2

where ECHO-VAR produces \xFF\xFF\xFF\x00 ($fb_COLOR15) these work on the command line:

CP="`ECHO-VAR`" printf $CP | dd status=none bs=4 count=$(( ( 1360 * 100 ) + 100 )) > /dev/fb0
printf "`ECHO-VAR`" | dd status=none bs=4 count=$(( ( 1360 * 100 ) + 100 )) > /dev/fb0
printf "${fb_COLOR15}" | dd status=none bs=4 count=$(( ( 1360 * 100 ) + 100 )) > /dev/fb0

but they don't work in a shell script (#!/bin/sh). It will only output \xFF\xFF\xFF\x00 or xFFxFFxFFx00 instead of four (4) characters, even if piped through sed 's/\\/\\\\\\\\\\/g'.

these work but with bash: printf: missing hex digit for \x (x4), they produce what you expect at the end:

printf `printf "\x%x\x%x\x%x\x%x" 255 255 255 0` | dd status=none bs=4 count=$(( ( 1360 * 100 ) + 100 )) > /dev/fb0
printf "`printf "\\x%x\\x%x\\x%x\\x%x" 255 255 255 0`" | dd status=none bs=4 count=$(( ( 1360 * 100 ) + 100 )) > /dev/fb0
printf "`printf "\\\x%x\\\x%x\\\x%x\\\x%x" 255 255 255 0`" | dd status=none bs=4 count=$(( ( 1360 * 100 ) + 100 )) > /dev/fb0
printf "`printf "\\\\x%x\\\\x%x\\\\x%x\\\\x%x" 255 255 255 0`" | dd status=none bs=4 count=$(( ( 1360 * 100 ) + 100 )) > /dev/fb0

however this works (five slashes):

printf "`printf "\\\\\x%x\\\\\x%x\\\\\x%x\\\\\x%x" 255 255 255 0`" | dd status=none bs=4 count=$(( ( 1360 * 100 ) + 100 )) > /dev/fb0

but not in a shell script (#!/bin/sh), it produces the same error.

I tried various combinations of ` execution, layered echo's and printf's for 5 hours before changing the input format from \x type to the four decimal argument format, which still failed.


FYI: they will produce a white dot on a 32bit framebuffer.

In 5 minutes I got it to work from both the command line and in a shell script using:

bas d2a.bas 255 255 255 0 | dd status=none bs=4 count=$(( ( 1360 * 100 ) + 100 )) > /dev/fb0

d2a.bas:

 1 rem D2A.BAS - decimal arguments to ASCII characters
 10 for i=1 to 255
 20   a$=command$(i)
 30   if a$="" then
 40     i=255
 50   else
 60     a=val(A$)
 70     print chr$(a);
 80   end if
 90 next

I understand that the shell process one layer of escaped \ characters for each level of abstraction, and that a command or binary (I also tested /usr/bin/printf) parses another layer of escaped \ characters.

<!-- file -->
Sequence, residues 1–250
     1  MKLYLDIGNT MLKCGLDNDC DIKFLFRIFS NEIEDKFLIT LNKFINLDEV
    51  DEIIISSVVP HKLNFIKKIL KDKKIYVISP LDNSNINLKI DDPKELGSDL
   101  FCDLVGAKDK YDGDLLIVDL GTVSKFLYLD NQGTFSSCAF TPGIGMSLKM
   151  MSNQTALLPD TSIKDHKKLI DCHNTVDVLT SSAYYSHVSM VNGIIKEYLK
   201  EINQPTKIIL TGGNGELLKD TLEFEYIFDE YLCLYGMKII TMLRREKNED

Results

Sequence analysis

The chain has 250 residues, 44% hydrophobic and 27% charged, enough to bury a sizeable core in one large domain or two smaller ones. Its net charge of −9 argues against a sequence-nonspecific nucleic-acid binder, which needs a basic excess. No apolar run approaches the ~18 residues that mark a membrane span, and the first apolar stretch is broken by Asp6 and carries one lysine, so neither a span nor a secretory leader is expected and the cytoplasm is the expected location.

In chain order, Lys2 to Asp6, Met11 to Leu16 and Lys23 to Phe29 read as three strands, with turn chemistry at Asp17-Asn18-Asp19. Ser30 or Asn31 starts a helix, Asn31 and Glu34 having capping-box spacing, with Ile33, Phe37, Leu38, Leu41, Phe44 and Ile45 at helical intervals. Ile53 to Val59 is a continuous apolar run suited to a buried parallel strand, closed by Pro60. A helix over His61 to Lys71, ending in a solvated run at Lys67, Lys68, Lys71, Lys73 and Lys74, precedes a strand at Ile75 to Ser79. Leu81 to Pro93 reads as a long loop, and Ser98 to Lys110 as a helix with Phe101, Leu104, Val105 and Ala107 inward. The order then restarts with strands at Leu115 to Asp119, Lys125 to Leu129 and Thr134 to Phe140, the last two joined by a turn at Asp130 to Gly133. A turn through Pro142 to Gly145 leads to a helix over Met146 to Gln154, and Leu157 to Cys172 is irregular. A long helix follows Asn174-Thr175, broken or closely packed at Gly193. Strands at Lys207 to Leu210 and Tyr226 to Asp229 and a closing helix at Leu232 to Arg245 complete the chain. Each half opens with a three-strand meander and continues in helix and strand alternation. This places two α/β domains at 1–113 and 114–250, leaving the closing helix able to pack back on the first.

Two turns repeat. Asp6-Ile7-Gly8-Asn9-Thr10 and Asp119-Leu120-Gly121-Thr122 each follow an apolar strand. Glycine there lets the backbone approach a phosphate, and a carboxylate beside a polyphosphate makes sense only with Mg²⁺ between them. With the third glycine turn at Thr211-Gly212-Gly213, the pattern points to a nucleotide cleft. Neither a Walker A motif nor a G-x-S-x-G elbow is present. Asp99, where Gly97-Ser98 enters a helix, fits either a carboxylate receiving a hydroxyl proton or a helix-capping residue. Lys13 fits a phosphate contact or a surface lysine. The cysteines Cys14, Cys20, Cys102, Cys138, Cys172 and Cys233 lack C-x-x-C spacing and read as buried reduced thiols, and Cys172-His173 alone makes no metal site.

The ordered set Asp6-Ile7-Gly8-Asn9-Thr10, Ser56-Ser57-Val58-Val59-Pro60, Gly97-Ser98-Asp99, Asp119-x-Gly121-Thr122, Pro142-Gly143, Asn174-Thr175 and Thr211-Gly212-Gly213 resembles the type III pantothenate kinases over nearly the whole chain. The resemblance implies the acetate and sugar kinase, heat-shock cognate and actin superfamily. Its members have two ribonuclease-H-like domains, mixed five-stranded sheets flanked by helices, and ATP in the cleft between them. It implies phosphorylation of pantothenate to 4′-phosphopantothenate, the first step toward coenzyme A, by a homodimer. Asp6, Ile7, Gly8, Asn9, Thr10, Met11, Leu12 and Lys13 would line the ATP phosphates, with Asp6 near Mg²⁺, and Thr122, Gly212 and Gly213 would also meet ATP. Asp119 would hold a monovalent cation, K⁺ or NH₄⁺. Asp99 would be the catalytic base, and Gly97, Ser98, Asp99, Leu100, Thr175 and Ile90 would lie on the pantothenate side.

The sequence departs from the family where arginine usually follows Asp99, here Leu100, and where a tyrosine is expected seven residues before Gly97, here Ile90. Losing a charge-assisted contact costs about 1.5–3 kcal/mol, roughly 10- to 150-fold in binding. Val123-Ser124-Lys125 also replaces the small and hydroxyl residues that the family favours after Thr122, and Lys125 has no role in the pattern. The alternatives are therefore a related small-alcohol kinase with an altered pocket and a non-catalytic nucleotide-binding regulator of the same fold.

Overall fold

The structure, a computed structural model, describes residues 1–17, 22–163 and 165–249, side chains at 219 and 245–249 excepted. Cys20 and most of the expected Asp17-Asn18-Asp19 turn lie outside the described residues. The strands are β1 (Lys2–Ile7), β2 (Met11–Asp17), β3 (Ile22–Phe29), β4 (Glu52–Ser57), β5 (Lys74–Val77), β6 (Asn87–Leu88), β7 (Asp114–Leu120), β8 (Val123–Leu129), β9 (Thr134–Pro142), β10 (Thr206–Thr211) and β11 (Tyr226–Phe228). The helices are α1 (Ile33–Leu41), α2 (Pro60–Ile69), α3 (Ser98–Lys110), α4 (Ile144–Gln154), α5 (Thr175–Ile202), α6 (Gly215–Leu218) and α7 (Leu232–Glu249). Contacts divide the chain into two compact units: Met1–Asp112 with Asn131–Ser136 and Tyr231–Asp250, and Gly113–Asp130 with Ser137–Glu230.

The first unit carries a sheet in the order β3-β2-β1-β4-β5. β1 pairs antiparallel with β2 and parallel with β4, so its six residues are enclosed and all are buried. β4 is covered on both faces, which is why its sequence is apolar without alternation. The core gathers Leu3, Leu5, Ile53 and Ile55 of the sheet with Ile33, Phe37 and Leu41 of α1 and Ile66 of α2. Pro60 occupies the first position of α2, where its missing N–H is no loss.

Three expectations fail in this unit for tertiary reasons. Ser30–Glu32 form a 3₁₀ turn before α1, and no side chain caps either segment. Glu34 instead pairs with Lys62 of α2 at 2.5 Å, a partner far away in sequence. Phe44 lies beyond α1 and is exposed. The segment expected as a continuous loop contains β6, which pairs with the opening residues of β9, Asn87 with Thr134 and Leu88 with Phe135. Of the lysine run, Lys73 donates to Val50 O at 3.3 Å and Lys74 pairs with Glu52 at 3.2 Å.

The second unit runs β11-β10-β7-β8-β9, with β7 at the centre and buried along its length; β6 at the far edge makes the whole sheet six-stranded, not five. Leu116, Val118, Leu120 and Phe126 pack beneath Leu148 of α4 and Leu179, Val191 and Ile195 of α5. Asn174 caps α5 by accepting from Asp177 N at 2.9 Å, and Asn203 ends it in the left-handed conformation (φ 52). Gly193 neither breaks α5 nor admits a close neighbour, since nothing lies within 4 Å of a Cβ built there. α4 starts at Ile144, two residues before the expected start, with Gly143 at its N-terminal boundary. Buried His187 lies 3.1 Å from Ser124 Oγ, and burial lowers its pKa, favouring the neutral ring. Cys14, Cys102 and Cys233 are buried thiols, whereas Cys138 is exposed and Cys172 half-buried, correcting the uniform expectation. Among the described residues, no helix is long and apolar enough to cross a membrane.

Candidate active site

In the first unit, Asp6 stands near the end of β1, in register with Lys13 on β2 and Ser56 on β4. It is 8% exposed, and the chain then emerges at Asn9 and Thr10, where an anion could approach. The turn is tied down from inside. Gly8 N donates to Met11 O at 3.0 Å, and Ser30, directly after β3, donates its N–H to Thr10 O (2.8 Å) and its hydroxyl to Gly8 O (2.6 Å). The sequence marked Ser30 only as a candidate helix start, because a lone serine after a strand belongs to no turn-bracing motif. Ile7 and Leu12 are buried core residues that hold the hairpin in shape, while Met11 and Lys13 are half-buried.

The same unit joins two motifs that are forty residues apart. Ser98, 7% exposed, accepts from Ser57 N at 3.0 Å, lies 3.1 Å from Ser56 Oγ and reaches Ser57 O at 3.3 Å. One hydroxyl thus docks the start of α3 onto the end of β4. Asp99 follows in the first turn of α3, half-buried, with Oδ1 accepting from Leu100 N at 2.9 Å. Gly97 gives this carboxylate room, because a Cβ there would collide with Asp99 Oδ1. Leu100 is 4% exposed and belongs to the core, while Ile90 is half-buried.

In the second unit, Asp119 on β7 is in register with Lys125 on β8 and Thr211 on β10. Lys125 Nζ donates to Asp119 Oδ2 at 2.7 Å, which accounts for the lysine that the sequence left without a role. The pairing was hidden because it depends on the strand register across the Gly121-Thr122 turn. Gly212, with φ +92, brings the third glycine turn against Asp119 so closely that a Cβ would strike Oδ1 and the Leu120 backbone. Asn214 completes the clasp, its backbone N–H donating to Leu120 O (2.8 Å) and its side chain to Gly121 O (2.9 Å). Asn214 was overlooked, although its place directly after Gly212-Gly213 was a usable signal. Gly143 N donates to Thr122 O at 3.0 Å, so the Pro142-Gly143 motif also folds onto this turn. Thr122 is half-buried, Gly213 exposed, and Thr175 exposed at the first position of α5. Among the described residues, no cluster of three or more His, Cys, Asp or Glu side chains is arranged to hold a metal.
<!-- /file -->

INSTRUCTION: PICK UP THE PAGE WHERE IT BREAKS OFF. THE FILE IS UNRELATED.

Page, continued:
But I don't understand why I could not get any form of either format to work in a shell script, which should work simply by adding an extra \ character for every one present in an output string.

Does anyone know what is going on, or is this an actual bug?

I believe this is a bug in BASH when in SH mode; see post below, or just save yourself the hassle and use the BAS script.

2

\ is used several times in there:

  • for the `...` form of command substitution. Best is to use $(...).
  • to escape characters like $, ` and \ inside double quotes. Best to use single quotes instead.
  • to escape \ in the format argument of printf
  • to introduce that \xHH sequence in the format argument of the other printf (not standard though).

So it should either be:

printf `printf "\\\\\\\\x%x" 255 255 255 0`
printf `printf '\\\\x%x' 255 255 255 0`
printf $(printf '\\x%x' 255 255 255 0)

That is, you need to pass \\ to the rightmost printf for it to output \, but with `...`, you'd need to escape each \ with \, and do that again for "...".

That's still invoking the split+glob operator which we don't want here. So:

printf "$(printf '\\x%x' 255 255 255 0)"

Or portably:

printf "$(printf '\\%o' 255 255 255 0)"

With some awk implementations (not all with work with 0):

LC_ALL=C awk 'BEGIN{printf "%c%c%c%c", 255, 255, 255, 0}'

With perl:

perl -e 'print pack "C*", @ARGV' 255 255 255 0

zsh alternative that avoids forking a subshell:

(){setopt localoptions nomultibyte; printf %s ${(#)@}} 255 255 255 0

bash alternative that avoids forking a subshell (also works in recent versions of zsh):

printf -v x '\\%o' 255 255 255 0
printf "$x"
  • I just tested the "portably" (double printf) which worked. So basically I just missed the right combinations (specifically $( \\ and %o ) – Paul Wratt Sep 14 '17 at 14:28
  • I want to keep maximum protability with low overhead, least installed, ie. not AWK and not PERL – Paul Wratt Sep 14 '17 at 14:29
  • with the \x form, when it should have worked in a script it was getting interfered with producing xFFxFFxFFx00 – Paul Wratt Sep 14 '17 at 14:44
0

I just ran into the same problem again, and this time I could not refactor the input data to make it decimal.

Unless anyone else can show otherwise, the internal printf in BASH when in SH mode can not print "\xFF" characters, despite what the man and help pages say. I would say this is a bug, in BASH at least.

#!/bin/sh
printf "\x46\x47"

If you remove the quotes from the string, the shell will escape them away without processing the x part.

What does work then:

#!/bin/sh
PF=`which printf`
$PF "\x46\x47"

So the current solution, if you only have hexadecimal as text, and you want a character or byte, pipe each (text) byte out to a script file (as the second code demonstrates) with \x prepended (before) each value, chmod the script from inside you script, then execute the script on the next line, and remove the script if need be.

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